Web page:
- The Hidden Oracle
I backed away from the fallen thugs. I wondered if I should make a run for it, but I could barely hobble. I also did not want to be assaulted with old fruit.
The girl climbed over the railing. She dropped to the ground with surprising nimbleness and grabbed a sack of garbage from the Dumpster.
“Stop!” Cade did a sort of scuttling crab walk to get away from the girl. “Let’s talk about this!”
Mikey groaned and rolled onto his back.
The girl pouted. Her lips were chapped. She had wispy black fuzz at the corners of her mouth.
“I don’t like you guys,” she said. “You should go.”
“Yeah!” Cade said. “Sure! Just…”
He reached for the money scattered among the coffee grounds.
The girl swung her garbage bag. In mid arc the plastic exploded, disgorging an impossible number of rotten bananas. They knocked Cade flat. Mikey was plastered with so many peels he looked like he was being attacked by carnivorous starfish.
“Leave my alley,” the girl said. “Now.”
In the Dumpster, more trash bags burst like popcorn kernels, showering Cade and Mikey with radishes, potato peelings, and other compost material. Miraculously, none of it got on me. Despite their injuries, the two thugs scrambled to their feet and ran away, screaming.
I turned toward my pint-size savior. I was no stranger to dangerous women. My sister could rain down arrows of death. My stepmother, Hera, regularly drove mortals mad so that they would hack each other to pieces. But this garbage-wielding twelve-year-old made me nervous.
“Thank you,” I ventured.
The girl crossed her arms. On her middle fingers she wore matching gold rings with crescent signets. Her eyes glinted darkly like a crow’s. (I can make that comparison because I invented crows.)
“Don’t thank me,” she said. “You’re still in my alley.”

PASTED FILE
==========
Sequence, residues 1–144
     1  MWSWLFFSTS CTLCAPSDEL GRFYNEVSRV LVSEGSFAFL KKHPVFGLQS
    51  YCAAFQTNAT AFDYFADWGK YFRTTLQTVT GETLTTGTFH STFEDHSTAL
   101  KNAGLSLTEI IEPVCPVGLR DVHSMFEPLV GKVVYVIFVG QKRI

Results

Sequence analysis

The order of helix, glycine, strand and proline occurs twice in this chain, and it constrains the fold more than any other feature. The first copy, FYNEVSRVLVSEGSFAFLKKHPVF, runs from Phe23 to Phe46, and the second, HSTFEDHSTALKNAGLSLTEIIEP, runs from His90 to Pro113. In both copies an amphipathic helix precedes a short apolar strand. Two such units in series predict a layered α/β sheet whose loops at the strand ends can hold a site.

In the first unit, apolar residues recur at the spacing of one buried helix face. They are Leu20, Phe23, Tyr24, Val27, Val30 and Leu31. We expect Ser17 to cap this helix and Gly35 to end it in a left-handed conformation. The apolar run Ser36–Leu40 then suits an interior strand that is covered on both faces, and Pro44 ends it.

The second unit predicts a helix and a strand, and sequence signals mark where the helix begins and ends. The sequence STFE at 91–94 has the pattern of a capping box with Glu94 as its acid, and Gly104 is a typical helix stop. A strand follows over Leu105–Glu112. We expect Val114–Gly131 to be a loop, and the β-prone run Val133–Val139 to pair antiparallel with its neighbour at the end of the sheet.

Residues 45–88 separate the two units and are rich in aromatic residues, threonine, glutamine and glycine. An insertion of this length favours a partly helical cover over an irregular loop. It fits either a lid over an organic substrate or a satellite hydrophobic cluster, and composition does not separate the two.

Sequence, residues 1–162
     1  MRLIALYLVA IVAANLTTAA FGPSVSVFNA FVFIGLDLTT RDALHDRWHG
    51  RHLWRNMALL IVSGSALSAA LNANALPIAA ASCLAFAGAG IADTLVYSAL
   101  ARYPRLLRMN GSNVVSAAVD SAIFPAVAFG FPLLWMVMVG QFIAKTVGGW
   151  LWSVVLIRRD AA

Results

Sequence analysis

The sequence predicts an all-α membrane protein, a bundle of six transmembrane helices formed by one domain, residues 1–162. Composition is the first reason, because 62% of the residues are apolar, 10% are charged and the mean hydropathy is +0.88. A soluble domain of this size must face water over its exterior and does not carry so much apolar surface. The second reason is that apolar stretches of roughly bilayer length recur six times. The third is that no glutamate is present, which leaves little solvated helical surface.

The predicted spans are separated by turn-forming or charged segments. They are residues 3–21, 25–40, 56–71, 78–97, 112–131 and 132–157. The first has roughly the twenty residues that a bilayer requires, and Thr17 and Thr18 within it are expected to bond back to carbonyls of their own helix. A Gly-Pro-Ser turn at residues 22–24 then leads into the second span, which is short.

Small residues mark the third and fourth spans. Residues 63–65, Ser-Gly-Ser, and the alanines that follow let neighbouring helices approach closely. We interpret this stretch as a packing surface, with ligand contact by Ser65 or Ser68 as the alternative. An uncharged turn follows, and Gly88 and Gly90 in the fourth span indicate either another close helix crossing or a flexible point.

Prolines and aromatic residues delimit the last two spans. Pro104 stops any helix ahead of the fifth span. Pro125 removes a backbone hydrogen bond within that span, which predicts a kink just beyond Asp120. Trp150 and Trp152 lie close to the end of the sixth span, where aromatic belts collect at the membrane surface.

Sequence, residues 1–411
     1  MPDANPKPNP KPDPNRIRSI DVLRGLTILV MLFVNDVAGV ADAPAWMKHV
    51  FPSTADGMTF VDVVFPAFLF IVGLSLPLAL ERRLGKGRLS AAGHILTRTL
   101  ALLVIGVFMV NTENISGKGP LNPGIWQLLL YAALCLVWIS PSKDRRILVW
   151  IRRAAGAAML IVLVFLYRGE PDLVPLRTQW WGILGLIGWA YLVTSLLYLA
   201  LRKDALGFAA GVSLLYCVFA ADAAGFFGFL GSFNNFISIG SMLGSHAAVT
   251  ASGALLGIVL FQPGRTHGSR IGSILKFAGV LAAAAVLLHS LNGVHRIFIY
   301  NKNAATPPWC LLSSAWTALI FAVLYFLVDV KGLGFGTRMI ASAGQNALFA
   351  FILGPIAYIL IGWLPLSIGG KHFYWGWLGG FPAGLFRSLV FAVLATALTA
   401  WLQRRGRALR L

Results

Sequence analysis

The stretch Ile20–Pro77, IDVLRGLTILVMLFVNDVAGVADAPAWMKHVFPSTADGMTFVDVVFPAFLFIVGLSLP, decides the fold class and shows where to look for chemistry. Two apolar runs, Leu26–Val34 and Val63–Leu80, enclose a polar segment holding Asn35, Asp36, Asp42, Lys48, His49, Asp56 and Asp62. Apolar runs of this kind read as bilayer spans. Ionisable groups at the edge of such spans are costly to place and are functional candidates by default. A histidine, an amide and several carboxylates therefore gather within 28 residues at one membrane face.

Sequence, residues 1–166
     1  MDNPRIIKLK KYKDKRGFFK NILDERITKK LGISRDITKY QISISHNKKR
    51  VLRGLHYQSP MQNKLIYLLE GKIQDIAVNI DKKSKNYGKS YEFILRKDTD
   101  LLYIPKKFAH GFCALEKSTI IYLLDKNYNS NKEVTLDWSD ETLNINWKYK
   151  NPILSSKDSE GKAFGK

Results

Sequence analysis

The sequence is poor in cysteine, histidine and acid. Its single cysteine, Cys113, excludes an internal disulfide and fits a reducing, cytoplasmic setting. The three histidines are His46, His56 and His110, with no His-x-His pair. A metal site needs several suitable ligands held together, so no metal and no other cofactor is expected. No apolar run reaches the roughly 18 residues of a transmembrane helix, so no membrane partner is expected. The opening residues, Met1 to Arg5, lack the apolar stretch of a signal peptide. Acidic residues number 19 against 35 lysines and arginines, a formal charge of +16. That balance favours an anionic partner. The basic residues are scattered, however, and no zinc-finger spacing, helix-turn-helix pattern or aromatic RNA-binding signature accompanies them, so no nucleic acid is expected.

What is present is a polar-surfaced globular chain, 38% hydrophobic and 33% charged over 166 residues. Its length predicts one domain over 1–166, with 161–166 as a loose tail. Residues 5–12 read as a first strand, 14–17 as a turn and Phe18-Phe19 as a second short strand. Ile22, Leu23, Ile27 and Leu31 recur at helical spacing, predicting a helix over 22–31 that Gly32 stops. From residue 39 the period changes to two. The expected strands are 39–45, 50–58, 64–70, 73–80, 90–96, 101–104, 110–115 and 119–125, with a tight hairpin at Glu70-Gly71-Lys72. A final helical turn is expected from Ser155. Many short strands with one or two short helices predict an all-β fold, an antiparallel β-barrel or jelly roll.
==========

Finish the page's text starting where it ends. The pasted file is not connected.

She walked a full circle around me, scrutinizing my appearance as if I were a prize cow. (I can also make that comparison, because I used to collect prize cows.)
“You’re the god Apollo?” She sounded less than awestruck. She also didn’t seem fazed by the idea of gods walking among mortals.
“You were listening, then?”
She nodded. “You don’t look like a god.”
“I’m not at my best,” I admitted. “My father, Zeus, has exiled me from Olympus. And who are you?”
She smelled faintly of apple pie, which was surprising, since she looked so grubby. Part of me wanted to find a fresh towel, clean her face, and give her money for a hot meal. Part of me wanted to fend her off with a chair in case she decided to bite me. She reminded me of the strays my sister was always adopting: dogs, panthers, homeless maidens, small dragons.
“Name is Meg,” she said.
“Short for Megara? Or Margaret?”
“Margaret. But don’t ever call me Margaret.”
“And are you a demigod, Meg?”
She pushed up her glasses. “Why would you think that?”
Again she didn’t seem surprised by the question. I sensed she had heard the term demigod before.
“Well,” I said, “you obviously have some power. You chased off those hooligans with rotten fruit. Perhaps you have banana-kinesis? Or you can control garbage? I once knew a Roman goddess, Cloacina, who presided over the city’s sewer system. Perhaps you’re related…?”
Meg pouted. I got the impression I might have said something wrong, though I couldn’t imagine what.
“I think I’ll just take your money,” Meg said. “Go on. Get out of here.”
“No, wait!” Desperation crept into my voice. “Please, I—I may need a bit of assistance.”
I felt ridiculous, of course. Me—the god of prophecy, plague, archery, healing, music, and several other things I couldn’t remember at the moment—asking a colorfully dressed street urchin for help. But I had no one else. If this child chose to take my money and kick me into the cruel winter streets, I didn’t think I could stop her.
“Say I believe you…” Meg’s voice took on a singsong tone, as if she were about to announce the rules of the game: I’ll be the princess, and you’ll be the scullery maid. “Say I decide to help. What then?”
Good question, I thought. “We…we are in Manhattan?”
“Mm-hmm.” She twirled and did a playful skip-kick. “Hell’s Kitchen.”
It seemed wrong for a child to say Hell’s Kitchen. Then again, it seemed wrong for a child to live in an alley and have garbage fights with thugs.